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Final Fantasy VII: Remake

Final Fantasy VII: Remake - Presentation and Hands-On

After years of waiting it was finally time to get our hands on the remake of Final Fantasy VII.

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In 2015 a small rumour surfaced prior to the Sony Press Conference. Square Enix had finally caved in and was working on a complete remake of their legendary title from 1997. All YouTubers, media outlets and common folk dismissed it as pure wishful thinking. Yet, around the halfway mark of their widely praised press conference, Adam Boyes of Sony Interactive Entertainment finally revealed what everyone had only dreamed would happen. The original creative trio of Yoshinori Kitase, Tetsuya Nomura and Kazushige Nojima were back at the steering wheel, creating an entirely new version of the beloved seventh chapter in the Final Fantasy universe.

That happened four years ago.

Jokes about delays, cancellations and an inability to finish games were quickly filling up the Internet until Square Enix finally revealed the game once again in May of this year with a "more to come at E3" teaser. The world was finally going to find out exactly what Kitase-san and his teammates had been doing for the last four years.

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Accordingly, Square Enix invited us and a limited number of other journalists to a personal presentation with Kitase-san. The event began with a small introduction repeating the major points of their press conference from the night before, such as there being enough content for two Blu-ray discs, Midgar being centre stage, and the basic gameplay mechanics. Regarding the game being split into more than one, Kitase-san assured the attendees that work on the second part already was underway as well. The presentation ensued with a faithful recreation of the original intro and the protagonist, Cloud Strife, making his iconic entrance on the train platform next to a mako reactor. Unlike the original version, however, the area around the train station feels alive and can be fully explored rather than being the static, pre-rendered images of 1997. As the presentation went on with Cloud exploring new areas of the station and reactor, Kitase-san said they were rendering elements of the world, which had been a key part of their intended vision during the creation of Final Fantasy VII.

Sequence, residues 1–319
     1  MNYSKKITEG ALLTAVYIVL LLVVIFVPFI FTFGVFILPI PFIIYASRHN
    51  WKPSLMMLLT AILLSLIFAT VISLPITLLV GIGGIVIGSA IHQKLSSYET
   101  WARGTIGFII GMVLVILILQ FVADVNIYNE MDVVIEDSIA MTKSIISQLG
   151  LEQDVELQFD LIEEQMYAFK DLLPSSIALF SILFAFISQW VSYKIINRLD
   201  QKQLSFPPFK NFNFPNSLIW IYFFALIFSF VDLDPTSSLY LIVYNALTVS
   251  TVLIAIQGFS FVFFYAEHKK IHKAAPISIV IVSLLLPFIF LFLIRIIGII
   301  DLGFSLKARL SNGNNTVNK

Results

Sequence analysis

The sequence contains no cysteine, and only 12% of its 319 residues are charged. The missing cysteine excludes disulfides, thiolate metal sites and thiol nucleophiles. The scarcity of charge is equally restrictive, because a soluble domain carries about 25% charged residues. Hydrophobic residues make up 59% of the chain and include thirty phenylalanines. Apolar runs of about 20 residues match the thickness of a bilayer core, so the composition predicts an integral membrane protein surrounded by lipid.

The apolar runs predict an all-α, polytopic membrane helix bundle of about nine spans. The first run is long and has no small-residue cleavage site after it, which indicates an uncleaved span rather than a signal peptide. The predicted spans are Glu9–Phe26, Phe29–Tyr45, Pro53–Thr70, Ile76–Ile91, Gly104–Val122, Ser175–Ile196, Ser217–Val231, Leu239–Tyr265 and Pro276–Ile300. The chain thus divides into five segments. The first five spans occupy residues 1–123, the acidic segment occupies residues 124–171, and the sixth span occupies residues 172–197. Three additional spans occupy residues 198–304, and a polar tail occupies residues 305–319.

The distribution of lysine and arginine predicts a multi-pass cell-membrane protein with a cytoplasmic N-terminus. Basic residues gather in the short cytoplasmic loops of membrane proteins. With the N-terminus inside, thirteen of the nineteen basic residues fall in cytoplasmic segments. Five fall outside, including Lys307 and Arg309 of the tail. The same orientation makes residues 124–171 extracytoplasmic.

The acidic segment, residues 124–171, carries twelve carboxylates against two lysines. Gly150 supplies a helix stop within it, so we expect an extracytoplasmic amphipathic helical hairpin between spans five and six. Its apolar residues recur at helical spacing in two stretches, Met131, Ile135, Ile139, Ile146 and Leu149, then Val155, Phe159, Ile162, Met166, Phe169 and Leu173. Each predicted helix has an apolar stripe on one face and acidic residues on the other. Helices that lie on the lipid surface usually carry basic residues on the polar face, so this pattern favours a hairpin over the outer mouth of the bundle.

Final Fantasy VII: Remake

Despite the 1997 release being without voice acting, the game featured many iconic lines - "Let's Mosey" is a classic example - and from the few cutscenes we witnessed from the remake, much of the original dialogue is still in the game. Hearing the reimagining of Barret yelling some crazy talk about the planet or Jesse talking to Biggs about Cloud, brought sheer joy to many of us. Old fans will repeatedly be able to recite the dialogue along with the characters, which should make for a truly magical experience for those of us who grew up with the characters and imagined what their voices and movements would be.

The same thing can be said about the music, which is a great mix of the classical score and a more contemporary interpretation thereof. Reworking the music to fit the remake had been a challenge according to Kitase-san, since the original game had very defined transitions between battle and exploration. When playing the remake and entering a battle, the battle theme is excluded and replaced by a more intense version of the one already playing.

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Continuing the notion of blurring the old with the new, ever since Square Enix decided to move away from classic turn-based combat, one thing that has seen much discussion around the web has been the combat-system. Having tried the game ourselves and seen the developers explain everything in detail, we are quite confident of Square's ability to perfectly blend action combat whilst keeping elements of the turn-based system. During battle, the player can change between playing slow and tactical and full-on action - basically, it's a more complex version of the system found in Kingdom Hearts II. We experienced the former to be the most satisfying and in keeping with the spirit of the original. In the heat of battle, the player can freely attack with the Square button and perform a tactical slow-motion pause when having garnered enough ATB (Active Time Battle) points. In his slow-motion state, Cloud can subsequently perform a variety of spells and abilities to inflict some serious damage on the enemy.

Kitase-san and his team used the presentation to reveal Cloud has different tactical modes - a detail absent from the press conference. If one plays in 'punisher' mode the attacks become far more lethal, yet also slowed down significantly compared to his default 'operative' stance. Shifting between the stances is not exclusive to Cloud and varies significantly from one character to the other. When we tried the game for ourselves, wrestling with the intricacies of the controls and tactical depth was difficult to get the hang of in the beginning. After having played a while, however, it felt extremely satisfying - despite the battle modes not being a part of the demo.

And that notion of being extremely satisfying fittingly sums up the experience of playing and hearing about the remake. Midgar and the character models are gorgeous to behold in their new adventure, the attention to detail is astonishing, and the gameplay a blast to play. If the E3 2019 demonstration is any indicator of what is to come, then March 2020 can't get here fast enough.

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